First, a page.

Rightpet

Fern

English Springer Spaniel

Overall satisfaction

4/5

Acquired: Breeder (professional)

Gender: Female

Training: N/A

Quick to learn and train

3/5

Emotionally stable

N/A

Family oriented

5/5

Child safety

4/5

Safe with small pets

3/5

Doesn’t bark a lot

3/5

Health

4/5

Easy to groom

0/5

Great watch dog

3/5

Great guard dog

1/5

My Springer Spaniel

By

Liverpool, Merseyside, United Kingdom

Posted April 14, 2009

At present I own just the one Springer, who is indeed my first. My Aunty did have an English Springer who I took on as my own every time we visited and so when some one offered to take her, in order to work her in the field, I was very upset and so ended up with my own whirl wind of fun! Fern.

My information on the English Springer Spaniel, is purely written about the field/working dog, the show Springer is a different dog all together and these days they carry a very different gene pool.

I have to say they are great dogs. Their loyalty is hidden as the breed prefers to go off and do it's own thing when out on walks, but when you stick your legs out under the table and feel something warm and fury you instantly know that that dog loves you and isn't going to leave you.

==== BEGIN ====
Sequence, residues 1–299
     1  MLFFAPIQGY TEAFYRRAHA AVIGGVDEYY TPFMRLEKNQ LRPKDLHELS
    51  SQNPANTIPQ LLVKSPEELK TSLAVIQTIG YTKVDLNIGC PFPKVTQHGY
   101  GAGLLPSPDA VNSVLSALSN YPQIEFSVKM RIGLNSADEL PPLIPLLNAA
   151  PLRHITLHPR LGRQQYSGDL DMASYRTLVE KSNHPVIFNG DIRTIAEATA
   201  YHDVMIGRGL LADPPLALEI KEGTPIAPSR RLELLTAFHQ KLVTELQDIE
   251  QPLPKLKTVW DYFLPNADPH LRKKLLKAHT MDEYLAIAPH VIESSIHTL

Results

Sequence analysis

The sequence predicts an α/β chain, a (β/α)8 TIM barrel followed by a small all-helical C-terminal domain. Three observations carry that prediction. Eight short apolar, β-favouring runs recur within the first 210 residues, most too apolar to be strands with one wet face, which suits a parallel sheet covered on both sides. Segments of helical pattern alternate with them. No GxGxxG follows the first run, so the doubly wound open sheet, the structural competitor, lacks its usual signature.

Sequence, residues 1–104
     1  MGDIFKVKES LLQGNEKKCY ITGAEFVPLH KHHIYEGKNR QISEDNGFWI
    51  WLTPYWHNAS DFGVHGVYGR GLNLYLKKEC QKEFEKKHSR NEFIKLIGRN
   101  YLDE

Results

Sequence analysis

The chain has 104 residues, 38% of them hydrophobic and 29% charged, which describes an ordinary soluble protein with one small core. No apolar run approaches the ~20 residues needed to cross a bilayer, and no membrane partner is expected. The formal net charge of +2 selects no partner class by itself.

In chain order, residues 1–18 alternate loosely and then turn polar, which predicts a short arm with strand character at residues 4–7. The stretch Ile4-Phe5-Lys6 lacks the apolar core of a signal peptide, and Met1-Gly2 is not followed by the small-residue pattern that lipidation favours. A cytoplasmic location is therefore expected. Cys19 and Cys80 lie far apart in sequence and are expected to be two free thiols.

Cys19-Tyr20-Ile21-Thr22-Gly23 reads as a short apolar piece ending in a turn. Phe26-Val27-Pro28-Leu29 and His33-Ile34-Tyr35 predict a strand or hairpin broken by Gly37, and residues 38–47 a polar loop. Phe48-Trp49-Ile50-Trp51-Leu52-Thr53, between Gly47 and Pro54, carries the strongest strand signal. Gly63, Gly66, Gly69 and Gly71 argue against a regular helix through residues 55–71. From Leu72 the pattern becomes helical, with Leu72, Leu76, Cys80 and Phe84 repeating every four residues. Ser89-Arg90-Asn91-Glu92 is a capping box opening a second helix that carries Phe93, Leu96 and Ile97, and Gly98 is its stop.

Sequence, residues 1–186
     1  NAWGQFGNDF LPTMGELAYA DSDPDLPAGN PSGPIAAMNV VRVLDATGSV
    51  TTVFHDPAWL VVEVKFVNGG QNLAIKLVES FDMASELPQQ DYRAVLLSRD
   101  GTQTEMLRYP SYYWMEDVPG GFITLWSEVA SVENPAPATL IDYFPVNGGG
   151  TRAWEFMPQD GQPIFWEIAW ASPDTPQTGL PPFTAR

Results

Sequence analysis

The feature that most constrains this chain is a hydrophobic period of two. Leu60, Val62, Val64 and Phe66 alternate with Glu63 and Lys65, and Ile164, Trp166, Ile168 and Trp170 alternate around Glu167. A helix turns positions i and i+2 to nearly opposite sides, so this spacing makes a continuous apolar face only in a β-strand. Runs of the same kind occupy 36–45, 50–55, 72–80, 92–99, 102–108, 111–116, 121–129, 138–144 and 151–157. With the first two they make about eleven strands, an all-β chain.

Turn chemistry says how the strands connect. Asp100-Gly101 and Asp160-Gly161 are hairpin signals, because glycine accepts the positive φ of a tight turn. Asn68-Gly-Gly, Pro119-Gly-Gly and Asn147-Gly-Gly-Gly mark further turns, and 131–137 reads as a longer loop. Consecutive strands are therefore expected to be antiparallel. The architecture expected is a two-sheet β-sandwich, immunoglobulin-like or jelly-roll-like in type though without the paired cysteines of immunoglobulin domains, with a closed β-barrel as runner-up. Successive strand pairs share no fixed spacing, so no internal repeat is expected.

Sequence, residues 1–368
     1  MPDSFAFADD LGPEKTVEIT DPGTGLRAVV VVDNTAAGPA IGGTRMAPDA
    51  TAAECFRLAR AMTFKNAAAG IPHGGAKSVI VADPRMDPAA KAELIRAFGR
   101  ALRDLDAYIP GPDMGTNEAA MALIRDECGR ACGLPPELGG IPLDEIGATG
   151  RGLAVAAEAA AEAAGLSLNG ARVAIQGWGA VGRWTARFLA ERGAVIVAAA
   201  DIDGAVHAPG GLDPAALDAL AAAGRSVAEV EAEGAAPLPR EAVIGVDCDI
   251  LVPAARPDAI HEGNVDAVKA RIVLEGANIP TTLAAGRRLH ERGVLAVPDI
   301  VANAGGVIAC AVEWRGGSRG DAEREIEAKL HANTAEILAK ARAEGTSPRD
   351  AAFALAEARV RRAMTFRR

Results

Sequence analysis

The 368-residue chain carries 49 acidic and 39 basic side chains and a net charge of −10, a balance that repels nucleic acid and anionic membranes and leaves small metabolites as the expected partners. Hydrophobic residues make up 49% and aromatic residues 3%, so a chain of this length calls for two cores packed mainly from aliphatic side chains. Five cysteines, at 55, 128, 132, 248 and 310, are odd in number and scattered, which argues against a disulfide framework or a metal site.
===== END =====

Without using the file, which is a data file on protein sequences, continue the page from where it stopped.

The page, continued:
You will never return home from a walk with a clean dog, unless you intend to keep it on a lead, but that would be silly because your arm would be around a mile long as the steam train of a dog pulled you around in all directions. They are mud magnets and at the first sight are drawn to it! Watch out for birds as well or you could be going home with a pigeon.

Begin training at a young age in order to get the best from your dog. They are very intelligent ranking 13 out of all dog breeds. These dogs are bred to carry out flushing, retrieving and water skills in the field and are trained to many different sounds of the whistle. They are commonly being used by the Police in order to sniff out bombs and drugs.

I would recommend attending gun dog classes or agility with your Springer as they are dogs that do better with a job or something to keep their minds occupied. I spend many hours a day in the fields or parks hiding balls or dummies for Fern to sniff out, this is an activity that I would highly recommend as seeing their little tails wiggle around is so rewarding to know you've made your dog happy and it is great fun and stimulating for the dog. Be prepared for a dog that wants constant exercise, you may find yourself walking several miles a day. Never give a Springer less then 90minutes exercise a day, or you will have maniac in your house! I guess people just don't realise how much exercise they need which is how they get their reputation of being mad!

Yes Springer’s do love to swim. They prefer to dive into water, launching themselves in. Every piece of water, whether it be lake, puddle or river, Fern HAS to go in. I think swimming is great and I suggest daily swimming is needed with these dogs as 10 minutes of swimming is equivalent to a 5 mile walk for a dog.